ITV news programme Central Tonight is set to merge with its Nottingham counterpart - sparking fears of more Birmingham job losses.
ITV bosses yesterday unveiled plans for one regional news programme covering the entire Midlands area as part of national network streamlining plans.
The national broadcaster announced in a letter to staff that it was proposing to regulator Ofcom a cut from its 17 separate regional news programmes to just nine.
Currently, ITV airs two separate programmes in the Midlands, one for the West Midlands - hosted by Bob Warman and Joanne Malin - and another for the East Midlands.
The letter from ITV chairman Michael Grade said: "As we move towards a fully digital market with all the commercial challenges that brings we have to make sure that ITV remains competitive. The commercial reality is that we're spending more on regional news than can be commercially justified.
"ITV currently spends #120 million a year on its regional services, the majority on regional news. We believe a more realistic obligation on ITV would create savings of #35 million to #40 million a year."
The proposed merging of Central Tonight with its Nottingham operation follows a string of cutbacks in recent years. In February 2004 ITV Central announced 400 jobs were being shed across its Birmingham and Nottingham operations.
Michael Jermey, director, ITV Regions, said: "There are people out there who argue that ITV should get out of regional news. We do not want to do that - we are absolutely committed to high quality regional news."
Broadcasting union Bectu is set for talks with Central management over the proposals.
Bectu supervisory official Sharon Elliott said: "The announcement is another kick in the shins for ITV's regional news staff who work long and hard to produce good quality output that regional audiences appreciate."
It called on broadcasting regulator Ofcom to take action over the issue.
Paul McLaughlin, national broadcasting organiser of the National Union of Journalists, said: "ITV has a strong history of public service broadcasting in the UK. This would drastically reduce local news in the UK.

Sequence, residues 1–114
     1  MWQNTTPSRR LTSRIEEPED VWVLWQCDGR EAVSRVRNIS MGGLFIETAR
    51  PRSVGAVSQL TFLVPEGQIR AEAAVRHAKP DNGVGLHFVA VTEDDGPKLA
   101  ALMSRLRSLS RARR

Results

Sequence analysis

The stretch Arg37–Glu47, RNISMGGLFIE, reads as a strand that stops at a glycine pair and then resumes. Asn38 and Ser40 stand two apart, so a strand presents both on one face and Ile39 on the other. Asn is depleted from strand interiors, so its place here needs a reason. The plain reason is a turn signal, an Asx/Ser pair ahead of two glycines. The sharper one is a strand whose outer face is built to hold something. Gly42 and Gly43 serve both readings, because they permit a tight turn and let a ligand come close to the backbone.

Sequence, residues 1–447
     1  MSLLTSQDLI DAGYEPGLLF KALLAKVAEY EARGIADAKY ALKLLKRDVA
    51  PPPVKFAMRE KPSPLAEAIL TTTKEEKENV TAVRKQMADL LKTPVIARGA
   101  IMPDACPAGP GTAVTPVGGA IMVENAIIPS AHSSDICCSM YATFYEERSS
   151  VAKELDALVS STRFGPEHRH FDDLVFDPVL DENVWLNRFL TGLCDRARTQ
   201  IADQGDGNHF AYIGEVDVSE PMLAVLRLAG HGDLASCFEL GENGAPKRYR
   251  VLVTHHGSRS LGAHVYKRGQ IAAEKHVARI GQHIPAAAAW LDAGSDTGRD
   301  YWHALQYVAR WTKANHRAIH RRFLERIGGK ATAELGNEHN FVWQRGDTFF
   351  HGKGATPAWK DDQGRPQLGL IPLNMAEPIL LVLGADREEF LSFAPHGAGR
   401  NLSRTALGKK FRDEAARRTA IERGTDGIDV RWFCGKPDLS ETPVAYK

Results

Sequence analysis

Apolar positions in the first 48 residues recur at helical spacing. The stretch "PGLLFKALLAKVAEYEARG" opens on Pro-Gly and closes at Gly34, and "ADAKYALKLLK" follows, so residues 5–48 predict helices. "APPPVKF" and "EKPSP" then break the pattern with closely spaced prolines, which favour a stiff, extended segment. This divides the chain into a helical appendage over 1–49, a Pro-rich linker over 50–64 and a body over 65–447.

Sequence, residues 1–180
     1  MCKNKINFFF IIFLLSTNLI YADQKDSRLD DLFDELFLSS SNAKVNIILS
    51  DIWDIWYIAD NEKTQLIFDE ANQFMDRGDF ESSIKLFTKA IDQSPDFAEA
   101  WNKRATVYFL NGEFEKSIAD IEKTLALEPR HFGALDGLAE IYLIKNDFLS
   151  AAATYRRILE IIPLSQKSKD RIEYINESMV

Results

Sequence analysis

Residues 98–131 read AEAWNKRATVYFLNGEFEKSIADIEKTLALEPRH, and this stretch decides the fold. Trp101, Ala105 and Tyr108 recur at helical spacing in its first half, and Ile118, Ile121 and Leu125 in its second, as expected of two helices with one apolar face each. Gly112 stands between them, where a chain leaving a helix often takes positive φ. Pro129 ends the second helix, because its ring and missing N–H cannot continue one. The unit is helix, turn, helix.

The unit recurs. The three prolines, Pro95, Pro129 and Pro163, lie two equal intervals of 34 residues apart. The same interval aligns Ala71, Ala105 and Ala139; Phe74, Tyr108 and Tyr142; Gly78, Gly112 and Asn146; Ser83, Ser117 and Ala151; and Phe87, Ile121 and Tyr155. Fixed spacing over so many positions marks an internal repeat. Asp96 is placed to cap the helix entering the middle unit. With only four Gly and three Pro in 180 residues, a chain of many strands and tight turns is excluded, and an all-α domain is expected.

"This is a vital service for viewers and ensures that politicians and local organisations are held to account.
"The union opposes any reduction in the quality and service to viewers and we are calling upon all those who care about the future of quality broadcasting to back our campaign."
Mr Grade further raised the spectre of job cuts after saying that ITV1 would not be given any budget increase.
He said: "We can definitely make the money go further. "Inevitably, I'm sure that there will be have to be some redundancies, but at this stage I'm not sure it is helpful to start throwing numbers around."
He pledged to invest in original programming under a "self-help" plan to revive the broadcaster.
Mr Grade said he wanted the broadcaster to be the UK's favourite source of free entertainment by 2012 as he unveiled plans for self-funded, "content-led" growth.
ITV said advertising revenues continued to improve in the third quarter - up two per cent at flagship channel ITV1 and five per cent across the group.
Mr Grade, who is the company's executive chairman, will also phase out ITV Play's call TV programming by the end of the year after the bad publicity over the apparent "duping" of viewers by broadcasters across the industry.
Mr Grade, who rejoined ITV nine months ago after former chief executive Charles Allen resigned last year, said he wanted to "maintain and accelerate" ITV1's recent ratings improvement.
The broadcaster is launching a new peak-time strategy to improve ITV1's performance in the key 9pm weekday slot, although there will be no extra cash for programming.
Mr Grade said: "We believe ITV1's recovery can be achieved within its existing programming budget."
ITV is, however, investing an extra #20 million in fast-growing digital channels, with the target of ITV2 overtaking rival Five as the third most popular commercial network for 16 to 34-year-olds.
The executive chairman reaffirmed the target of the group's network of channels achieving a 38.5 per cent share of commercial impacts - audience share - by 2012.